AMK&MH: In The Returned, Harold and Lucille lose Jacob when he drowns in a nearby river. Then, when Jacob returns fifty years later (thirty-two years in the show), Lucille immediately welcomes him home even though she is a staunch Christian who believed, just moments before Jacob came back, that the returned are devils. Harold, on the other hand, has serious doubts. Just who and what is Jacob? he wonders. How has this person who passed away fifty years ago suddenly reentered the world? This becomes the major conflict for Lucille and Harold, for Arcadia as more and more return, and for the world at large. How did you come up with this conflict?

JM: It came about in part due to my own upbringing. I grew up in a very small town, just outside of Wilmington, North Carolina—so small that I just tell people I’m from Wilmington: one blinking stoplight, no fast food, two gas stations, and 600-800 people.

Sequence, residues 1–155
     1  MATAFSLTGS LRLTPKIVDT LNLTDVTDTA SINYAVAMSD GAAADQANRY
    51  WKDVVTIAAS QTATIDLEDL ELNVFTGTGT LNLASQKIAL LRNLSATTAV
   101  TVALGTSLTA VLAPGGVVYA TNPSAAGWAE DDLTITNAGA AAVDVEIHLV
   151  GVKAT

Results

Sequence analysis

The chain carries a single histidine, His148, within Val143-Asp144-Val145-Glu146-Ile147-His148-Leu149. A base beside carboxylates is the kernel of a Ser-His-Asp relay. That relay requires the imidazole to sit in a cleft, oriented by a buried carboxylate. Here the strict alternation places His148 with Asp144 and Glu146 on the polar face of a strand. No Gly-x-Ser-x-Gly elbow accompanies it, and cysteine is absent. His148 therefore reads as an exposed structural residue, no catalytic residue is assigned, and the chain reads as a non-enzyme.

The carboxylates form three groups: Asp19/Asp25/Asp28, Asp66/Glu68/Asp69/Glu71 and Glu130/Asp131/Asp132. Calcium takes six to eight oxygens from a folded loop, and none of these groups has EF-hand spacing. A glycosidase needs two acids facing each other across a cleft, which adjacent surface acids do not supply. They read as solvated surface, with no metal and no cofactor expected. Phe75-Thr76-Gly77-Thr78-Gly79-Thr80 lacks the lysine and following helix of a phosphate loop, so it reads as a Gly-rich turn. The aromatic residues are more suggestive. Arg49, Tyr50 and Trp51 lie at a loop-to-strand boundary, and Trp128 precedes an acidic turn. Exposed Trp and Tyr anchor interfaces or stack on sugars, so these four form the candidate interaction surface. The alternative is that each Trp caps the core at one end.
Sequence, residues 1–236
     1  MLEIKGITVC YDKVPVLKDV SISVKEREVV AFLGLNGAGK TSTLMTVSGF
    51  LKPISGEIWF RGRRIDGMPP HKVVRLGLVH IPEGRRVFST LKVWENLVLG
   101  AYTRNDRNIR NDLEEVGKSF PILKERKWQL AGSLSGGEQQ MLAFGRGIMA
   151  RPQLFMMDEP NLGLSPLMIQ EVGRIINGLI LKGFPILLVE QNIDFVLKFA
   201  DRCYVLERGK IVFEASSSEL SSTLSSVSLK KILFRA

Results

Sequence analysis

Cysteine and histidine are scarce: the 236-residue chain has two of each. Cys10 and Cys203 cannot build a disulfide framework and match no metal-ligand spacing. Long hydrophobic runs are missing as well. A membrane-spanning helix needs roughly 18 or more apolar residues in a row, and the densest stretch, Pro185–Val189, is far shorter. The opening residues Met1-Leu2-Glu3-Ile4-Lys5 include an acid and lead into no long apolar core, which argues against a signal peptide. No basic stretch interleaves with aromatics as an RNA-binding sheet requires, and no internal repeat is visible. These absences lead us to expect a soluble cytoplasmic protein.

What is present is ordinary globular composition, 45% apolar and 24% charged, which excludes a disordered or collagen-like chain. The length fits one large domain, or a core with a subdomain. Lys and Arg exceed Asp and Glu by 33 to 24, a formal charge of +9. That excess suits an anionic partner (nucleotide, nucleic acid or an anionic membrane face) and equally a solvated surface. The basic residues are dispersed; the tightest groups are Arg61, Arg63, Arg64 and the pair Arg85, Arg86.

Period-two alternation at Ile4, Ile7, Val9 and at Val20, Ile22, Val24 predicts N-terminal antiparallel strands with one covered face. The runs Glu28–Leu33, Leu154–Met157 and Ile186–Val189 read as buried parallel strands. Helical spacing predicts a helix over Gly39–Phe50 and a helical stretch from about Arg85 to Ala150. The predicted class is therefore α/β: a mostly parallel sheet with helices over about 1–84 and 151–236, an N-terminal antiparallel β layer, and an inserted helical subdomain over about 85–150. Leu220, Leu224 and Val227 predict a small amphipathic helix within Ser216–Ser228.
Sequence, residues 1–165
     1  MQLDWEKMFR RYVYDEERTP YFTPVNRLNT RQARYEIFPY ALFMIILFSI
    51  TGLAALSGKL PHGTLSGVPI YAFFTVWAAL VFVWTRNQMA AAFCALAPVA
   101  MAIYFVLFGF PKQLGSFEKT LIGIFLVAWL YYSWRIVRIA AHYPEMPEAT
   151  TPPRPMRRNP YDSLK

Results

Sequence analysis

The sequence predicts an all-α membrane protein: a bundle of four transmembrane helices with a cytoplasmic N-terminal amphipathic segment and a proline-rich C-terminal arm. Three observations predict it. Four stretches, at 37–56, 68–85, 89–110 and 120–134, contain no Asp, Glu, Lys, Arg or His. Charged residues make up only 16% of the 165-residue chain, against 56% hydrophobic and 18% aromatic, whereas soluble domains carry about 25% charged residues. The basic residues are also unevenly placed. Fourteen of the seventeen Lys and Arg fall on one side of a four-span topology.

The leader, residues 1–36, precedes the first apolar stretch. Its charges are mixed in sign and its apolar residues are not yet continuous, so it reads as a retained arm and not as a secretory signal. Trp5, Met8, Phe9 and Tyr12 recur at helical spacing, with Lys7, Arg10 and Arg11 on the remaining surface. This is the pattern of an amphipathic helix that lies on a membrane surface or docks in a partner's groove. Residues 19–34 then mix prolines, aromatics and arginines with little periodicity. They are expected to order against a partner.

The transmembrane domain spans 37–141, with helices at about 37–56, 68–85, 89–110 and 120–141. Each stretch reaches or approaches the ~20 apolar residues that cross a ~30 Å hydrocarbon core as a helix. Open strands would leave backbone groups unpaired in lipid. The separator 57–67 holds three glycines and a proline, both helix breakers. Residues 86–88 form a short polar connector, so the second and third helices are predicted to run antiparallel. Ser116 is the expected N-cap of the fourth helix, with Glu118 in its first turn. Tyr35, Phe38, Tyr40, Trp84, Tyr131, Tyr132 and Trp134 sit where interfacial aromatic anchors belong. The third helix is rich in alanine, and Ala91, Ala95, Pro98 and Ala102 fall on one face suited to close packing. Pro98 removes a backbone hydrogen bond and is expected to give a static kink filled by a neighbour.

People in such small communities tend to make, in my experience, snap judgments like the one Lucille makes before Jacob comes back. She sees the returned on the news and, because she’s so distanced from them, she has no problem saying they’re devils. But when one of them turns out to be her blood, everything changes. When something like this bleeds into the small town, things get very complex in that town. Small towns are used to being overlooked. Whatever politics are going on in the world or whatever is happening outside of these small communities doesn’t seem to affect them much. Change doesn’t occur very often in small towns, so when change does come, people tend to react very dramatically.

So when these fantastic events start occurring, Lucille falls back on her religious upbringing while Harold remains somewhat aloof to the change so long as it doesn’t drastically affect him in a personal way. When Jacob arrives on their front porch, they start to own it, they have a personal investment. For Lucille, she gets her child back—the only child she could ever have. Lucille immediately declares that this event is a miracle. For Harold though, this event becomes a living, breathing reminder of what he perceives as his failure as a parent.

Stay tuned for more of this interview next week!